After “Downstream,” the musical rollercoaster ride that is Hodgson-Davies-Hodgson-Davies continues with “Babaji.” And, except for sixth track “From Now On,” the album’s up-and-down-and-up again quality seems to follow this pattern as well, with Hodgson riding most of the ups. (Davies would have much better moments on Breakfast two years later.)
“Babaji” is Hodgson’s ode to Mahavatar Babaji, an Indian yogi and deity. Fittingly, it’s probably the most strident of the seven tunes on Moments, even if it battles with “Fools Overture” as the album’s most self-indulgent with Hodgson’s typical excesses playing out throughout the track. Regardless, A&M Records gave it a single release in Europe and Australia, while bypassing it here in the states. That was probably a smart decision on the label’s part, as I can’t see many U.S. top-40 station program directors giving this one a lot of spins – even back then.
After Hodgson’s rousing ad-libs close “Babaji,” Davies brings “From Now On,” which I’ve already gushed over, followed by Hodgson’s very progressive, Alan Parsons-like closing track, “Fool’s Overture.”
Most of “Overture” is instrumental, with a long, five minute-plus intro that takes up exactly half of the song’s 10:52 and incorporates excerpts from a famous WWII wartime speech by British PM Winston Churchill, before we finally hear Hodgson’s high voice abstractly singing about history and, well, Churchill – or so it seems.
“Overture” has over the years been a Supertramp fan favorite – one the band often played at its concerts and one Hodgson still includes among his faves. He fashioned it as three separate pieces of music that he’d written over the years – pieces that finally came together for Moments.
Indeed, it’s the song’s title that graces the sheet music appearing atop that snow-covered piano on the album cover, even if it’s not actually the song’s sheet music.
In that sense, “Fools Overture” was slighted twice – first on the album cover’s fake sheet music image and then in a decision where that song was also supposed to be the album’s title, except for a late change that allowed Even in the Quietest Moments to prevail.
Hodgson likely didn’t mind, since they both were his songs – as was the most successful song from the album: the band’s signature tune, “Give A Little Bit.”
Regarding that classic, there’s not much that hasn’t already been said about one of the biggest musical pick-me-ups to ever grace radio. “Give A Little Bit” is the song with that perfect pop melody and a shuffling drum beat undercurrent that first introduced me to Supertramp in 1977 (I didn’t discover their earlier stuff until long afterwards).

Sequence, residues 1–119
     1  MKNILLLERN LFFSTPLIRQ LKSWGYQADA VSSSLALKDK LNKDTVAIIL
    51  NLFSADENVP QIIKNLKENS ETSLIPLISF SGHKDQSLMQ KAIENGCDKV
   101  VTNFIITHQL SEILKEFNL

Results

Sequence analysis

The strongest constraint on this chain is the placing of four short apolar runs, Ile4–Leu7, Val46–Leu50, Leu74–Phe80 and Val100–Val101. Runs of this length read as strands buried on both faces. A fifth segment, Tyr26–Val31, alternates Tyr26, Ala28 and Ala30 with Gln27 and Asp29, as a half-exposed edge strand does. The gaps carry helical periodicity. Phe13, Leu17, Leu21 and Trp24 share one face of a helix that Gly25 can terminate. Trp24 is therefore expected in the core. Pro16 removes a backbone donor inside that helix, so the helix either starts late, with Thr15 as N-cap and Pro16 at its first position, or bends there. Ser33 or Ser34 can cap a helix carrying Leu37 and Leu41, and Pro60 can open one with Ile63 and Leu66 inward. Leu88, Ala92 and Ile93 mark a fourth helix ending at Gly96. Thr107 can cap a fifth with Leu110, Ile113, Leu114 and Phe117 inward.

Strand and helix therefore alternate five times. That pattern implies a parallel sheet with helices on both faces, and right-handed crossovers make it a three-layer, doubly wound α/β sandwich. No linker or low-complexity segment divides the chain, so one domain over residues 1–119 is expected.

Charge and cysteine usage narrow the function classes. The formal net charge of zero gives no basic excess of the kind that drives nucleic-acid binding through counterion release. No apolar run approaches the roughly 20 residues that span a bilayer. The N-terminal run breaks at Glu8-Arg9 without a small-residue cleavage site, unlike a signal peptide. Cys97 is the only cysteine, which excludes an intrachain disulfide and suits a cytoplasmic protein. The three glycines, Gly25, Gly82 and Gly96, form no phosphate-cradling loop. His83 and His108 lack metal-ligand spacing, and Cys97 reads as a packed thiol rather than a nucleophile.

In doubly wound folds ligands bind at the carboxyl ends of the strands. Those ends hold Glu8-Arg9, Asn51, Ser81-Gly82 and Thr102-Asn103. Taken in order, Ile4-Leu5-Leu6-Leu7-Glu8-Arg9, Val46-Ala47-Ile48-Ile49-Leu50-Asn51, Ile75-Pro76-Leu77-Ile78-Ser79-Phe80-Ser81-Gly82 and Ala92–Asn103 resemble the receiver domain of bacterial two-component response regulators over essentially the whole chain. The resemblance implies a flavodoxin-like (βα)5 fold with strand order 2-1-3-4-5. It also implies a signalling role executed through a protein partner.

As such, “Give” will always hold a special place in my heart (even if Billboard didn’t bother to include it among the album’s “best cuts” in its April 16, 1977 album review). The fact that the song’s universal message of unselfishness has touched so many generations all these years later just seems to validate our earliest fandom of the classic tune.
Without “Give A Little Bit,” we certainly wouldn’t be discussing Moments now.
But I’ll let Bloomberg and Dean Michaels explain it better…
1977, and the outrages and crudities and musical minimalism of the punk revolution are capturing the attention of the music media world. And at the same time, certain pop performers are flaunting their indifference by, instead, fashioning their works to be ever more elaborate/ornate and studio-rific, whether it’s the overegged hooks-upon-hooks-upon harmonies of ELO, the Springsteen-derived teen-opera parodies and Cinemascopic saxophony of Steinman/Meat Loaf, the theatricality of disco visionaries like Moroder/Costandinos, or the lush envelopment of Supertramp’s slow-burning arrangements.
For a short few years in the 1970s, Supertramp scored big with their own particular sound that was halfway between prog and pop, between Elton and Floyd, with maybe a bit of the Steely Dan-eyed character portraiture typical of the period.
Again and again (with one exception), these songs accumulate drama through additive dynamics and a beautiful recording job rather than energy; and if the approach sometimes suggests the Beatles in their painterly “Pepper”/”Abbey Road” mode, partially attribute that to mixing engineer, Geoff Emerick himself.
Alternating lead vocals and songwriting are Supertramp’s own John & Paul, co-head songwriters Roger Hodgson (mewling earnestly through four self-penned songs) and Richard Davies (more bluesy & relaxed on his three), and they contribute so many indelible melodies, that the absence of rock ‘n roll energy (Hodgson’s occasional semi-raunchy feedback notwithstanding) and abundance of mid-to-leaden tempos can be overlooked.
Also absent, strangely, is Davies’ familiar buzzy Wurlitzer e-piano, replaced by regular piano and augmented in places by up-to-the-minute polysynth-sequenced urgency. Arrangements are adult, tasteful, with John Anthony Helliwell’s woodwind commentary the dominant solo voice as they build, and build, and retreat and build again. It’s quite a bit longwinded; some of these codas do extend themselves needlessly, with fake endings and endless fades, possibly a byproduct of only having writing seven originals.
Anyways, let’s have a listen.